Dark, bright. Masculine, feminine. Sugar, spice. Champagne, beer.
Tiger Bar Exotic Eats and neighboring Champagne Room are a study in both contrast and balance.
“There’s definitely a sort of yin yang between the two places — dark and masculine over there and ultra-feminine over here,” said owner Tricia Coyne, pouring a glass of wine and gesturing to the Champagne Room’s high ceilings, spotless white bar and refreshing aqua-colored trim. “In here, I created a bar that I wanted to hang out in, with a focus on bubbles — by the bottle and glass.”
Next to the sparkling bar, a comfortable lounge area welcomes guests who are free to sit on couches, in a hanging swing or at a high-top table. A progressive happy hour occurs from 3 to 6 p.m., offering $3 glasses at 3 p.m., $4 glasses at 4 p.m. and $5 glasses at 5 p.m.
The Champagne Room, 500 Truman Ave., has hosted bachelorette parties, wedding and baby showers, birthdays and random Tuesday happy hours. “Some of the nursing students from College of the Florida Keys always come in to have a glass of wine and do their homework,” Coyne said.
Charcuterie boards and other small items are available in the bubbly space.
But right next door — with a curtain separating the two experiences — Tiger Bar Exotic Eats offers Asian-inspired small plates created by chef Russ Ferstle, who has worked with Coyne since she opened her first Key West restaurant, Firefly, about eight years ago on Petronia Street.
The juxtaposition of the two aesthetics is akin to reading Hemingway and Jane Austen at the same time.
“Tiger Bar Exotic Eats is a modern, small-plate restaurant inspired by international street food where every guest is treated with the intimacy of a chef’s table dining experience,” says the restaurants’ website, “while the vintage lounge of the Champagne Room next door features a rotating boutique wine list and artisanal hors d’oeuvres.”
The study in contrasts between the new neighboring spaces is intentional — and entirely enjoyable.
Tiger Bar has an almost underground, or beneath-the-surface, atmosphere. Its interior feels as if a 17-century schooner and a hideaway bar in Southeast Asia somehow combined to create the coolest man fort. Ever. There’s something strange or surprising to see in every nook of the place — a schooner’s figurehead, a shrunken head and a life-sized tiger on the front door.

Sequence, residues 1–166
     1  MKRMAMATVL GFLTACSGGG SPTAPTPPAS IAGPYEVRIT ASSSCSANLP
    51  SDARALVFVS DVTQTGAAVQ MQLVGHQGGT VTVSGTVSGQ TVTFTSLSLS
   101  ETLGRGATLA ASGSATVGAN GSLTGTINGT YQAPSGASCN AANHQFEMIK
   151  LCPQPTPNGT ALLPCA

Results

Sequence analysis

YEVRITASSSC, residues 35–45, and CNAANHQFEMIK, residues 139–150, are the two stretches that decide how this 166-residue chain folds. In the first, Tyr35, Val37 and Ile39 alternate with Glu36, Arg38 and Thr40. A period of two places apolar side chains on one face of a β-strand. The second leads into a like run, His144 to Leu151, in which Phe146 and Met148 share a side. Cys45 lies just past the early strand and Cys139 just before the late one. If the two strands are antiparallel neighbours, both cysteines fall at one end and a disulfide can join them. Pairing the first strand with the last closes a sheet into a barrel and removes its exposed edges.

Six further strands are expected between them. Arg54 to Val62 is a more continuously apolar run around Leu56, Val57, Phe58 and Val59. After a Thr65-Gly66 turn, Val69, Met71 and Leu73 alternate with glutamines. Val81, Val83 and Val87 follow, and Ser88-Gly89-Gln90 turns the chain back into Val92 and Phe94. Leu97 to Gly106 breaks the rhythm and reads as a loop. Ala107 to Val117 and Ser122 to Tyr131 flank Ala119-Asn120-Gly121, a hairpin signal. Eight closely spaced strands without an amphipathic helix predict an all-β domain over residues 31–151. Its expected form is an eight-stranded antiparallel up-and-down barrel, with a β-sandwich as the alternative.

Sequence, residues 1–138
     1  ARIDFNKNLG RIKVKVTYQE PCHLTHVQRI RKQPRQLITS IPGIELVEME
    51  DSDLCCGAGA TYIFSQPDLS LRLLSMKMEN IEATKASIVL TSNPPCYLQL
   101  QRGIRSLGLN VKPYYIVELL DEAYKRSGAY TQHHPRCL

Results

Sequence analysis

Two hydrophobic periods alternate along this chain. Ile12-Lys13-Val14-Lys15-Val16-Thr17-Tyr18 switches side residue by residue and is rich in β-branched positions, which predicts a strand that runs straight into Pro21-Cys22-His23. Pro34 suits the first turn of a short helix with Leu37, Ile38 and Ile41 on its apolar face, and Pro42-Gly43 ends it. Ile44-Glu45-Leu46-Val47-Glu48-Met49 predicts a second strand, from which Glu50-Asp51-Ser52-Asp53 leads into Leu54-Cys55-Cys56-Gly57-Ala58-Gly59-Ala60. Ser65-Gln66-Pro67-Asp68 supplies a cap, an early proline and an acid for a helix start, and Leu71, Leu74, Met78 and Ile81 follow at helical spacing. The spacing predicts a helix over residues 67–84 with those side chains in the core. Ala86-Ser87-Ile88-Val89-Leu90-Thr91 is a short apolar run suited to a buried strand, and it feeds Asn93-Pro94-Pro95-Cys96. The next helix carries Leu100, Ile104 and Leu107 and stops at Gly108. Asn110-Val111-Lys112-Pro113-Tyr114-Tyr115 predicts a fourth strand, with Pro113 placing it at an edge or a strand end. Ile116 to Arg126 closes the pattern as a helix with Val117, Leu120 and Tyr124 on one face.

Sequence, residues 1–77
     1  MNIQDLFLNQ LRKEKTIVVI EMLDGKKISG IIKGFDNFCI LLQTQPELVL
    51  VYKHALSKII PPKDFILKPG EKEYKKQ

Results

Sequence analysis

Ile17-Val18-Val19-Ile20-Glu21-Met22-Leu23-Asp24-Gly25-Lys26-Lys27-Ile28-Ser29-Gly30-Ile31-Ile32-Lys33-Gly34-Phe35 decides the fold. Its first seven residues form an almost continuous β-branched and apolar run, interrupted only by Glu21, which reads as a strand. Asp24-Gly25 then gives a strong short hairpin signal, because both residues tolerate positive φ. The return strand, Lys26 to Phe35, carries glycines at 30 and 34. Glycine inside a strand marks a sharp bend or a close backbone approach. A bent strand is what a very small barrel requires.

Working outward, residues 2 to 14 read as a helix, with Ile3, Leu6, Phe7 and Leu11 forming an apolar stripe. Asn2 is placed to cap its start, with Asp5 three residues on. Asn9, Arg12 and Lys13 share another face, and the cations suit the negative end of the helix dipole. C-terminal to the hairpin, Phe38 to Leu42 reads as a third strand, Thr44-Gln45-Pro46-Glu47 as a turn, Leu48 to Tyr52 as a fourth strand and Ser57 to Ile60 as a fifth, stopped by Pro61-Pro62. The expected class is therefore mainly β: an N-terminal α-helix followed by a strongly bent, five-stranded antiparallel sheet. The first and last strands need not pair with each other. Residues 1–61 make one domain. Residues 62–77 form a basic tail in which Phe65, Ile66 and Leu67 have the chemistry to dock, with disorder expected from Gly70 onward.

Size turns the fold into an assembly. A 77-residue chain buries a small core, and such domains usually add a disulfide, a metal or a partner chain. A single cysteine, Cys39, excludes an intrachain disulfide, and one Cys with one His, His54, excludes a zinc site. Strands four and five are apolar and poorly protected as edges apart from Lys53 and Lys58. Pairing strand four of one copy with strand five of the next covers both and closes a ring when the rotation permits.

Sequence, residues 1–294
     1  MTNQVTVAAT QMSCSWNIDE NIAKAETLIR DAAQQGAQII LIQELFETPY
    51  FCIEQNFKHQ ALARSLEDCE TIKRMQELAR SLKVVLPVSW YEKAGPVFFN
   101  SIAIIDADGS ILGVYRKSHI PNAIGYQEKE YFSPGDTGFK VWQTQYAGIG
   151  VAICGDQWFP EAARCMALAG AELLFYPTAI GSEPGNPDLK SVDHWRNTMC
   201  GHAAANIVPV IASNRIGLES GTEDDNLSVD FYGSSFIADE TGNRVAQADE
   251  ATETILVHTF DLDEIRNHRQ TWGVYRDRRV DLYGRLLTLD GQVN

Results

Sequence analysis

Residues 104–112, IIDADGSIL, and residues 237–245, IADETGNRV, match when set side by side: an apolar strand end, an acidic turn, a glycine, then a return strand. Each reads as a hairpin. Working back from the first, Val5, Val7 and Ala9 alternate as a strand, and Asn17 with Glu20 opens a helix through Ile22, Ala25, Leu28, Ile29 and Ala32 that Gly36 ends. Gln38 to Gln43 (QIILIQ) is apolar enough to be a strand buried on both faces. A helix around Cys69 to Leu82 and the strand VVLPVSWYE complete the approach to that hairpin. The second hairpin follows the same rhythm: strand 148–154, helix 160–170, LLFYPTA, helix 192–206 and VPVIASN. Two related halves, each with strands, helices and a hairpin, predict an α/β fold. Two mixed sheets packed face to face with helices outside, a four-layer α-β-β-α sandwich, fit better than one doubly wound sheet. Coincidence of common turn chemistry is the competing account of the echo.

Ferstke also keeps stacks of cookbooks around the restaurant, not as props, but for his own inspiration and reference.
“Russ is one the most research-oriented chefs I know, and it’s amazing to watch him at work,” Coyne said.
The magic happens at an open kitchen in full view of the bar and dining tables. With a full beer and wine selection and an adventurous menu, Coyne and Ferstle provide an exciting experience on every visit.
Ferstle is constantly updating the menu, but on a recent Friday, the offerings included homemade Lumpia, the Filipino egg rolls with ground pork, cabbage and carrots and a spicy, homemade sauce; Korean fried chicken with hot honey or soy garlic sauce, and Asian sticky balls — pork meatballs in a sticky glaze and zucchini noodles. One of Coyne’s favorites is Ferstle’s “Gunpowder Tofu and beetroot rice — Indian-spiced tofu with beetroot jasmine rice.”
All small plates are $7 to $14.
Coyne opened Tiger Bar and The Champagne Room in February 2020 — 36 days before COVID forced her to close the new spots that share a divided storefront at the corner of Truman and Duval.
They reopened in July 2020 and have been providing guests with an epicurean adventure and a bubbly breath of fresh air with every visit.
The Champagne Room is open from 3 to 11 p.m. and Tiger Exotic Eats is open 6 to 10 p.m., but closed on Mondays.